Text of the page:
Joe Czerwinski

Managing Editor

Reviews wines from Australia, New Zealand and the Rhône.

In his role, Joe Czerwinski manages all aspects of digital and print production for Wine Enthusiast Magazine as well as helping drive the creative direction of the dynamic online and print publications. Czerwinski has been a wine journalist, editor and taster for over a decade and is a regular wine panelist, speaker and educator for events and organizations worldwide. Czerwinski was previously Senior Editor and Tasting Director for Wine Enthusiast Media. Czerwinski currently reviews wines from Australia, New Zealand and the Rhône Valley in France.

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Showing 1 thru -8 of 12,009
93
points

Spy Valley 2012 Envoy Single Vineyard Sauvignon Blanc (Marlborough)

  • Editors' Choice
  1. $32
A tremendous effort from Spy Valley, this easily eclipses the winery’s regular Sauvignon Blanc. Fig, melon and hints of vanilla mark the nose, while the palate amps up the citrus component, providing delineation to the nectarine flavors. It’s on the full side of medium-bodied, with a silky, slightly creamy texture and a lingering finish that seamlessly blends…  — J.C.  (11/1/2014)
93
points

Ata Rangi 2012 Pinot Noir (Martinborough)

  • Cellar Selection
  1. $69
This looks to be among the best vintages for this wine, or at least it’s one of the most flattering to taste young. Stunning floral notes emerge from the glass, wrapped in ripe black-cherry scents. On the palate, it’s slightly plummier, but still retains those exciting rose-petal nuances and folds in hints of spice and earth. Despite the evident suppleness, there’s…  — J.C.  (11/1/2014)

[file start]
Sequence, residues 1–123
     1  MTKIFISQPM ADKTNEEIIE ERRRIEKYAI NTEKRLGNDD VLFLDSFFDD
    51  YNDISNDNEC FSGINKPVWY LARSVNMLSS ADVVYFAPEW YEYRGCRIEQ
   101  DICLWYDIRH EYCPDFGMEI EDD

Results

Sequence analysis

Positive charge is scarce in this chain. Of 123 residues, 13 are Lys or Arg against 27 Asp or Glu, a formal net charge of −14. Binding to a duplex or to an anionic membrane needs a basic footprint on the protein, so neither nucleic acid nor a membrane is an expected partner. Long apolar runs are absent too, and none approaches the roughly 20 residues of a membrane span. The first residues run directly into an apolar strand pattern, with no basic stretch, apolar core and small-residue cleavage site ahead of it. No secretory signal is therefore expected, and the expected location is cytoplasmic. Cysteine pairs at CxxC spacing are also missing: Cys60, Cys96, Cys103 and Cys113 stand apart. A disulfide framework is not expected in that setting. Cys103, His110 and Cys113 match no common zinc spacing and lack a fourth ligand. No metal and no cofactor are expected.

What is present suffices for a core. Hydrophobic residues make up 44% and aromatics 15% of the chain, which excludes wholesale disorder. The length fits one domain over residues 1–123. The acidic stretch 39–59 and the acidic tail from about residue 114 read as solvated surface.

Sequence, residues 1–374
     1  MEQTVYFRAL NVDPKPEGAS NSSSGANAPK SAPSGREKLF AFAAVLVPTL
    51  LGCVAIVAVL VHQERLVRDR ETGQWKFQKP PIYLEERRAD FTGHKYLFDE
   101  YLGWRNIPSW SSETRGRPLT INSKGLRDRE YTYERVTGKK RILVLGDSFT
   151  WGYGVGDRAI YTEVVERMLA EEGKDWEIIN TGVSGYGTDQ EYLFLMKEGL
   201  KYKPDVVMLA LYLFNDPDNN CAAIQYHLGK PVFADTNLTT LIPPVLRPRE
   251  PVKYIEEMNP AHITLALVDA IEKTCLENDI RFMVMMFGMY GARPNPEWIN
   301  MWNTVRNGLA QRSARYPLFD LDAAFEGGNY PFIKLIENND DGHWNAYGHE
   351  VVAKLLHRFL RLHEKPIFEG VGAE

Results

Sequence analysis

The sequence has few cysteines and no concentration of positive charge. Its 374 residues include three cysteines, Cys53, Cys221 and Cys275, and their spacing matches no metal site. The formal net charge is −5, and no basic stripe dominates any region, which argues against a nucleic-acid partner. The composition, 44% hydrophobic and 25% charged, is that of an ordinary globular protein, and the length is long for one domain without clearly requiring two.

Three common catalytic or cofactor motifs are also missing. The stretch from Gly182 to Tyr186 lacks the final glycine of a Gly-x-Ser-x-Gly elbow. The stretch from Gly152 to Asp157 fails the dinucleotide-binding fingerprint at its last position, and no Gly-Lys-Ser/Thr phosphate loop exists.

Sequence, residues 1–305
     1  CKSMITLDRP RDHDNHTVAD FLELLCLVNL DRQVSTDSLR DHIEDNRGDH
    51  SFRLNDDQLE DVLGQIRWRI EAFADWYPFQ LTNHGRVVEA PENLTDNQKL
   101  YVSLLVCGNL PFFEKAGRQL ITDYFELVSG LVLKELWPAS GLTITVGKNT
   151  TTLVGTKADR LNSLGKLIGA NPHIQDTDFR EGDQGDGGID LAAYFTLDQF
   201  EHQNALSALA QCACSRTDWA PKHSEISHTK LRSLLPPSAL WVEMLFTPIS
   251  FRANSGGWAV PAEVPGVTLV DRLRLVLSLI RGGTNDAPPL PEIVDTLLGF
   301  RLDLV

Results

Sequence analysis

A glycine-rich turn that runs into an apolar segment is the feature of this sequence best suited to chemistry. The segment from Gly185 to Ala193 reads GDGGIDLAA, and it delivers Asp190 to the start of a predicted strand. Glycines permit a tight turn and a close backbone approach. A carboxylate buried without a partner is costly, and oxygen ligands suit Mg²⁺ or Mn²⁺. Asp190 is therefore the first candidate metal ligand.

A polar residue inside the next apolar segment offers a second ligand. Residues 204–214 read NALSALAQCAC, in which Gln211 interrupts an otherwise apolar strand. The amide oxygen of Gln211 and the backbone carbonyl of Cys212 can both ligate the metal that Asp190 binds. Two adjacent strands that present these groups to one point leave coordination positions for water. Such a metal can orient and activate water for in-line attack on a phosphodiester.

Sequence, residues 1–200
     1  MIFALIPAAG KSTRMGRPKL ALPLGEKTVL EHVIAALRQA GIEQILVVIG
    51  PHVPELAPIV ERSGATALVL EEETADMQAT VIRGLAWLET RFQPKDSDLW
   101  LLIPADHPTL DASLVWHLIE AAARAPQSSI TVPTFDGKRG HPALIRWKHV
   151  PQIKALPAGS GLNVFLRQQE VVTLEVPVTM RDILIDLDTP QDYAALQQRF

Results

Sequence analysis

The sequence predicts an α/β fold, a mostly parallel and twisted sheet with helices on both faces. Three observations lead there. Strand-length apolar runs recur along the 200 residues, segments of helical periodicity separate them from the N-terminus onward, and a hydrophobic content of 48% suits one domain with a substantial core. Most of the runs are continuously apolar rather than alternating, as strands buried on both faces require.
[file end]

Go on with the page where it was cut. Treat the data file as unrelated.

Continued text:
93
points

Cloudy Bay 2011 Te Koko Sauvignon Blanc (Marlborough)

  • Editors' Choice
  1. $50
Starts off with a slightly funky, struck-match aroma, but then opens to reveal tangerine, nectarine and roasted-nut scents. The flavors are an blend of all that, delivered via a rich silky-textured palate and ending long.  — J.C.  (11/1/2014)
93
points

Brancott 2010 Chosen Rows Sauvignon Blanc (Marlborough)

  1. $50
It’s taken New Zealand’s largest producer a while to get on board the barrel-fermented express, and this wine is still only 50% done in wood, mainly large formats. Some funky, slightly acrid notes mark the nose, but this adds welcome complexity to the stone-fruit aromas. It’s rich and textural in the mouth, the ripe fruit marked by intriguing hints of green herbs…  — J.C.  (11/1/2014)
93
points

Domaine du Pegau 2010 Cuvée Réservée Red (Châteauneuf-du-Pape)

  • Cellar Selection
  1. $65
At the moment, the 2010 Réservée is intense but moody, showing a smoky, gamy, feral side. The fruit is subdued but concentrated, picking up multiple earthy, spicy nuances including iodine and licorice. It’s a big wine, with chewy tannins that leave the impression of fine suede behind on the long finish.Give it another five years in the cellar.  — J.C.  (11/1/2014)
93
points

Trinity Hill 2010 Homage Syrah (Hawke's Bay)

  • Online Exclusive
  1. $120
Perennially one of New Zealand’s top Syrahs, this full-bodied, creamy-textured wine finishes long and velvety. The black olives, espresso and cracked peppercorns on the nose are marvelously varietally true, while the palate features those dark fruit notes and a moderate dose of dried spices. Drink now–2025.  — J.C.  (11/1/2014)
92
points

Delas Frères 2011 François de Tournon Syrah (Saint-Joseph)

  • Editors' Choice
  1. $35
This is a dark, plush Saint-Joseph, not an edgy, wiry, herb-scented version. Superripe plum and licorice notes are framed by soft tannins and hints of baking spices, but the wine’ essential Syrah nature comes through on the dusty pepper-and-anise finish. Drink now–2020.  — J.C.  (11/1/2014)
92
points

M. Chapoutier 2011 Chante-Alouette Marsanne (Hermitage)

  • Cellar Selection
  1. $109
This is the most impressive Chante-Alouette I can recall, boasting layers of honeyed pineapple fruit, the barest hint of fresh, just-golden toastiness and notes of gingered apricot. It’s full bodied and lush on the palate, ending long and mouthwatering. It should drink well into 2015, but expect it to close up only to re-emerge between 2020 and 2030.  — J.C.  (11/1/2014)
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Showing 1 thru -8 of 12,009
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